2022 Legislative Roundup

Thursday, February 17, 2022

The Regular Session of the 2022 New Mexico Legislature officially adjourned at Noon on Thursday, February 17. During this year’s unique legislative session 501 bills and 136 memorials and joint resolutions were introduced. 

The 2022 Legislative Session ended with a surprise announcement from Speaker of the House Brian Egolf that he will not seek reelection. According to the Speaker, this is the first time in 60 years that an individual has voluntarily stepped down from the Speaker position. 

Below is a brief synopsis of the outcomes of several key economic development related legislation.

Passed the Legislature and Awaiting Action by the Governor

House Bill 7 (Opportunity Enterprise Act), sponsored by Representative Meredith Dixon, passed the House of Representatives (36-28) and Senate (24-13). The legislation helps address the lack of available quality commercial and industrial space across New Mexico, which remains an economic barrier for many communities, as outlined by the NMIDEA Policy Brief: Industrial Space Development. The bill creates a funding mechanism within the New Mexico Finance Authority to provide gap financing for the development of commerical and industrial space to further the economic development objectives of the state. The state can either finance the entire project, which upon completion it will continue to own, but can lease it to a private partner or the state can provide a low-interest loan to a private sector partner. 

House Bill 104 (Venture Capital Program Act), sponsored by Representatives Linda Serrato, passed the House of Representatives (49-20) and the Senate (27-0). The legislation helps address the lack of available risk capital in New Mexico as outlined by the NMIDEA Policy Brief: Access to Risk Capital in NM. The bill creates the Venture Capital Investment Act and the venture capital investment fund under the New Mexico Finance Authority. The purpose of the fund is to make investments in new, emerging or expanding businesses in New Mexico that create new job opportunities. These investments are required to be made with venture private equity funds or with New Mexico businesses in early stages of development, where the investments enhance the economic development objectives of the state.

House Bill 163 (Tax Changes), sponsored by Representative Christine Chandler, served as this legislative session's tax package and accounted for more than $400 million in tax breaks. The legislation includes a repeal of the social security tax for most New Mexicans, a phased in repeal of state income tax for military retirees, creates a state-based child tax credit. The package also reduces the state gross receipts tax (GRT) and compensating tax from 5.125 percent to 4.875 percent over a two year period, however, it also provides for restoration of the 5.125 percent GRT if, in the next five years, the general fund transfer of revenues in any year is less than 95 percent of the amount transferred in the previous fiscal year. The bill also provides gross receipts tax and governmental gross receipts tax deductions for the sale of services to a manufacturer.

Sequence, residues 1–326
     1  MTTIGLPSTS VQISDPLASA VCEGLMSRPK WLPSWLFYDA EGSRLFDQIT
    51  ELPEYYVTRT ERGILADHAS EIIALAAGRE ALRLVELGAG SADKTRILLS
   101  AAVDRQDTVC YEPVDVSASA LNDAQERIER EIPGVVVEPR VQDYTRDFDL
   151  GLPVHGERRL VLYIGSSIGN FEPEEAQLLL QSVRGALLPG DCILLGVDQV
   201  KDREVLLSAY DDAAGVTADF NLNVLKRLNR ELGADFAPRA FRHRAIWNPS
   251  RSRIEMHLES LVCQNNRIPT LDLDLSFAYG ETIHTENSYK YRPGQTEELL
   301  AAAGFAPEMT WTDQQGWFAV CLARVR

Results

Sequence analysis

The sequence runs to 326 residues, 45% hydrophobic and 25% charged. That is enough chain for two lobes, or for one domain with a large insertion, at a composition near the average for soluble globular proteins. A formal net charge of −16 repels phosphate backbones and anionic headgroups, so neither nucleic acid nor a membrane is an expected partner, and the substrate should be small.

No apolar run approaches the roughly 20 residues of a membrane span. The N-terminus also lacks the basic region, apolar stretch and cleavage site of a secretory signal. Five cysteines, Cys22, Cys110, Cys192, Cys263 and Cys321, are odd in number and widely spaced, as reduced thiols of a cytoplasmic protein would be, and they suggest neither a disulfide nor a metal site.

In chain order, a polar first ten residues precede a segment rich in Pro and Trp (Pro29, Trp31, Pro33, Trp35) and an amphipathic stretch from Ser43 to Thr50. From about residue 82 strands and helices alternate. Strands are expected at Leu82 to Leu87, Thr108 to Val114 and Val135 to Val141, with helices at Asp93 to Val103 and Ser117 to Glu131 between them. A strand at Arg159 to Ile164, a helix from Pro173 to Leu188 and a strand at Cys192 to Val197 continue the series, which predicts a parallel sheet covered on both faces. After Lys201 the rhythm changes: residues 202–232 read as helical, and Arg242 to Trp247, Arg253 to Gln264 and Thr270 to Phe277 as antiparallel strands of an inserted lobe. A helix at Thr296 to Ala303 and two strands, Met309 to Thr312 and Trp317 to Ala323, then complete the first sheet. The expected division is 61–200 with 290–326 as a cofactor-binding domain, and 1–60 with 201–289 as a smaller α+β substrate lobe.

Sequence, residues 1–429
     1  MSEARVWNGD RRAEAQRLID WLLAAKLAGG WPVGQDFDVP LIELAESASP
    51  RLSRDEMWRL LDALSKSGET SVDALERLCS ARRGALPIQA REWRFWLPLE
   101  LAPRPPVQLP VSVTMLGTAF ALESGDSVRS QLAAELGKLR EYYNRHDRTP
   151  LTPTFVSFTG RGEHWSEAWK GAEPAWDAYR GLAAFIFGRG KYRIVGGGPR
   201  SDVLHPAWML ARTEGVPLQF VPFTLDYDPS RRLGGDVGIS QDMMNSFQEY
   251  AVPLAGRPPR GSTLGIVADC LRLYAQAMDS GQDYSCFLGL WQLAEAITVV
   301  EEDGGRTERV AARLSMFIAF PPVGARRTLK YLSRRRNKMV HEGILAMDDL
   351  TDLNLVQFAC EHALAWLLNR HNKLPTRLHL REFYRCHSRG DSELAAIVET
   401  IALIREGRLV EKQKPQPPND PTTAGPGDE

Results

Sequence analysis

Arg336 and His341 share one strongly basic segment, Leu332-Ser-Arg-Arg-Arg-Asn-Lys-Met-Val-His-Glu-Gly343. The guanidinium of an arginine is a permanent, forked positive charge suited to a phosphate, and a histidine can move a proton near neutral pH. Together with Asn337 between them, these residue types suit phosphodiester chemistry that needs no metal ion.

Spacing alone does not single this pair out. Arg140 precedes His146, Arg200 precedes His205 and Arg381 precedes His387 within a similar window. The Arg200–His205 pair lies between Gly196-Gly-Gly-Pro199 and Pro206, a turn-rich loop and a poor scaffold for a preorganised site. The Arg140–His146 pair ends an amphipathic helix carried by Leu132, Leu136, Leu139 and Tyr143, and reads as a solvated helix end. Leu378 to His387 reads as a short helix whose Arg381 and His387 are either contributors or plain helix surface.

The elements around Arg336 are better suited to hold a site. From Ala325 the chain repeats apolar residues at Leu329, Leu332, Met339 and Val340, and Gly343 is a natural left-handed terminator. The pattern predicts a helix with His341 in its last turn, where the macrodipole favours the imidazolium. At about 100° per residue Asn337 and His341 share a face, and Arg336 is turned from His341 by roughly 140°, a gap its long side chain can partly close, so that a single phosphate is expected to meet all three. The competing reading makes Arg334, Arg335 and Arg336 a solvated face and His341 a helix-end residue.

House Bill 2 (General Appropriations Act), sponsored by Representative Patricia Lundstrom, made several key economic development appropriations. The Economic Development Department's FY23 operating budget includes about $2.6 million more in general fund revenue, or a 18.9 percent increase over FY22. The budget addresses agency priorities, such as JTIP funding, filling vacancies in the film department, creating a justice, equity, diversity, and inclusion office and expanding the number of regional representatives available to local communities from 6 positions to 11 positions. In addition, the budget includes $50 million in nonrecurring funding for LEDA, $70 million for business space development (per the Enterprise Opporunity Act), $40 million for a new film academy, $12 million for JTIP, $10 million for MainStreet capital outlay projects, $300,000 for business incubators and $169,000 for international trade. 

Legislation that Stalled in the Committee Process

House Bill 80 (Angel Investment Credit Refundable), sponsored by Representative Linda Serrato, proposed to increase the amount of angel investment credit from 25 percent to 40 percent of the investment and makes this tax credit refundable. For a qualified investment in a majority women- or person-of-color-owned business, the credit is 50 percent of the qualified investment instead of the proposed 40 percent for other businesses. 

HB 80 received a Do Pass (8-2) from the House Commerce & Economic Development Committee, but stalled in the House Taxation and Revenue Committee. 

House Bill 129 (Business Income by Single Sales Factor), sponsored by Representatives Candie Sweetser and Moe Maestas, repeals the use of the three-factor formula apportionment of multi-state income in favor of a single sales factor formula apportionment for most corporations and pass-through entities. The legislation sought to create a system that would encourage, rather than discourage, economic base employers from hiring New Mexicans and investing in capital infrastructure in New Mexico. 

HB 129 unanimously passed the House Commerce & Economic Development Committee on a no-reccomendation motion, but stalled in the House Taxation and Revenue Committee.


NMIDEA is the statewide economic development association with membership from economic development professionals and private sector businesses across New Mexico. NMIDEA's mission is to promote New Mexico's economic growth through focused advocacy of economic development issues, providing networking, professional development education and training opportunities for its members.

For more information, please visit newmexicoidea.org

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